Syria: Ghouta the next Aleppo

June 19, 2017

Syrian government forces are bombing and starving out hundreds of thousands of Syrians in Eastern Ghouta in what may quickly become the next Aleppo. Nearly 420,000 people are suffering from severe shortages of food and medical supplies, and are unable to move about freely due to the bombing.

The latest quarterly update of Siege Watch, published today by  PAX and The Syria Institute, shows how the Assad government is implementing a strategy of “surrender or die” in Eastern Ghouta and other besieged communities.

“We saw how bad things were in Aleppo. In Eastern Ghouta, there are more than 400,000 people under direct threat of suffering the same fate. Community after community is forced to surrender after a campaign of war crimes,” says Marjolein Wijninckx, PAX programme leader.

Assad Emboldened
Syrian government forces have been emboldened by the success of the “surrender or die” strategy. More and more communities under siege are being forced to surrender. After surrendering, some people are forcibly moved, becoming refugees in their own country. Those who remain are vulnerable to fresh human rights abuses. In all of the besieged and “Watchlist” areas that surrendered to the Syrian government in in the last few months, local governance institutions have been dismantled, and civilians remaining have been afraid to share information for fear of retribution. This silence from post-surrender communities should raise alarm bells for human rights monitors and those concerned with civilian protection in Syria.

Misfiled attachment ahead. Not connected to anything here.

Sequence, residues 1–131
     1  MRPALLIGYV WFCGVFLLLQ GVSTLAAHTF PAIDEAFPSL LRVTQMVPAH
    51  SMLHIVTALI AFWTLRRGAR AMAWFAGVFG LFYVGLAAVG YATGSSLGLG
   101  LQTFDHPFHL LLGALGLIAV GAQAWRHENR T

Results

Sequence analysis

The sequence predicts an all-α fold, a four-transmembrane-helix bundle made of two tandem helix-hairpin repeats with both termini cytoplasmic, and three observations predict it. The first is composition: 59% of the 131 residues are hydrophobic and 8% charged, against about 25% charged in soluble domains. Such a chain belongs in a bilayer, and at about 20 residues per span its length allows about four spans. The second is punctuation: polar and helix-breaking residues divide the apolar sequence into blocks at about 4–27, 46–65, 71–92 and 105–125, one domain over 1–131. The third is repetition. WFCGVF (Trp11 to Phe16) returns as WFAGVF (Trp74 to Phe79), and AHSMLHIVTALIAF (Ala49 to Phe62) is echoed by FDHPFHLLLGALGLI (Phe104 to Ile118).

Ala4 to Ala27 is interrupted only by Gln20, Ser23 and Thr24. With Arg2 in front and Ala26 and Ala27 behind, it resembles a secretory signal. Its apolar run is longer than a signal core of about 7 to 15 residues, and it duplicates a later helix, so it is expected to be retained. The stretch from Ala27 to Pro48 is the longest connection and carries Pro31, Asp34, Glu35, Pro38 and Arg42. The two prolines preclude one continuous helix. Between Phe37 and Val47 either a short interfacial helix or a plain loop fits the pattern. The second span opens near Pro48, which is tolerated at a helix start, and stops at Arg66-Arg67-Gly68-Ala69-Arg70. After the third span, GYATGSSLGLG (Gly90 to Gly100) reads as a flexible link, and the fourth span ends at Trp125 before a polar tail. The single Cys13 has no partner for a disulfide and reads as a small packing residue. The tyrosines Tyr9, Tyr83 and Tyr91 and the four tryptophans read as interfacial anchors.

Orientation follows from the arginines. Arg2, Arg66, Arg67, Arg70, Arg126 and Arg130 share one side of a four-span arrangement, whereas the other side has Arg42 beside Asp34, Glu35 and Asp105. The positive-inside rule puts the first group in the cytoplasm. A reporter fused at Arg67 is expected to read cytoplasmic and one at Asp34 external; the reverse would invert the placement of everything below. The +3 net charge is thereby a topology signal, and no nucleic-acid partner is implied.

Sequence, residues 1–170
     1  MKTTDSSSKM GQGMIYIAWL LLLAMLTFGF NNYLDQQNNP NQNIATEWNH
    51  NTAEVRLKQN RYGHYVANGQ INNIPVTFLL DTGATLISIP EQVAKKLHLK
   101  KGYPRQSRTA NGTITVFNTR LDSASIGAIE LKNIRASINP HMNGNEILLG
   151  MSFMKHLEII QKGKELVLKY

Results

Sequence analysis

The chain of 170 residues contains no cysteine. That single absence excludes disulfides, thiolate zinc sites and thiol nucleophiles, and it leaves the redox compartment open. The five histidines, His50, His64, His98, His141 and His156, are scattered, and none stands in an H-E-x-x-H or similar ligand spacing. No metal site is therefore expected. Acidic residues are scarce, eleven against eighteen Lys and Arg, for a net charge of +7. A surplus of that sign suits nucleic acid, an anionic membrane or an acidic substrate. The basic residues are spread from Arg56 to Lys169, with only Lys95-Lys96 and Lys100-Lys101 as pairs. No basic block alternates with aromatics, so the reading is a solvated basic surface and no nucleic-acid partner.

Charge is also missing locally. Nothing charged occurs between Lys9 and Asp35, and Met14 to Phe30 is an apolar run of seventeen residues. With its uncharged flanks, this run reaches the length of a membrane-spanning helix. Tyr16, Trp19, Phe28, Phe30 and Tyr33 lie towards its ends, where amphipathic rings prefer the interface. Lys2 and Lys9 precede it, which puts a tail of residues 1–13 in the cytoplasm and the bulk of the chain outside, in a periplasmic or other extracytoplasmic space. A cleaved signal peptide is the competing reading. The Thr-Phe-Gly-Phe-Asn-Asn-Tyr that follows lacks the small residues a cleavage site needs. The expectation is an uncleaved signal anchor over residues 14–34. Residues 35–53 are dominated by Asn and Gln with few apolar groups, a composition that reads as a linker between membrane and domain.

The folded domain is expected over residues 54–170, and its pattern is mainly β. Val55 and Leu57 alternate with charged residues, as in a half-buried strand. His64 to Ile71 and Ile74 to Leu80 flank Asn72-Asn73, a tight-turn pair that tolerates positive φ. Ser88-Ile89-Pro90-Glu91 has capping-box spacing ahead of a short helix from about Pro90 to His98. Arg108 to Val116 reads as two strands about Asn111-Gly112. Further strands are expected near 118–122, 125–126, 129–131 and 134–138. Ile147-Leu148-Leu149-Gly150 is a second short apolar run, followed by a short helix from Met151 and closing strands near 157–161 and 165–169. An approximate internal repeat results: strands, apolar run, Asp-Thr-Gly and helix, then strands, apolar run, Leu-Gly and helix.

“The systematic forcible transfer of civilians as we see in Syria is a crime against humanity, and ceasefire agreements have done nothing to stop them. If anything, the scorched earth campaign has gotten worse. The international community should not be fooled by the illusions of de-escalation zones or so-called ´reconciliation´ which is in fact forced surrender,” says Wijninckx.

879,320 people under siege
This Siege Watch report focuses on developments from February to April 2017. Data collected during the quarter from an extensive network of contacts on the ground found that an estimated 879,320 people remain trapped in at least 35 besieged communities across the country and more than 1.3 million additional Syrians live in “Watchlist” areas, under threat of intensified siege and abuse.

This is the sixth quarterly report. Siege Watch is a joint initiative of PAX and The Syria Institute that aims to provide the international community with timely and accurate information on conditions in Syria’s besieged communities (see previous reports here).

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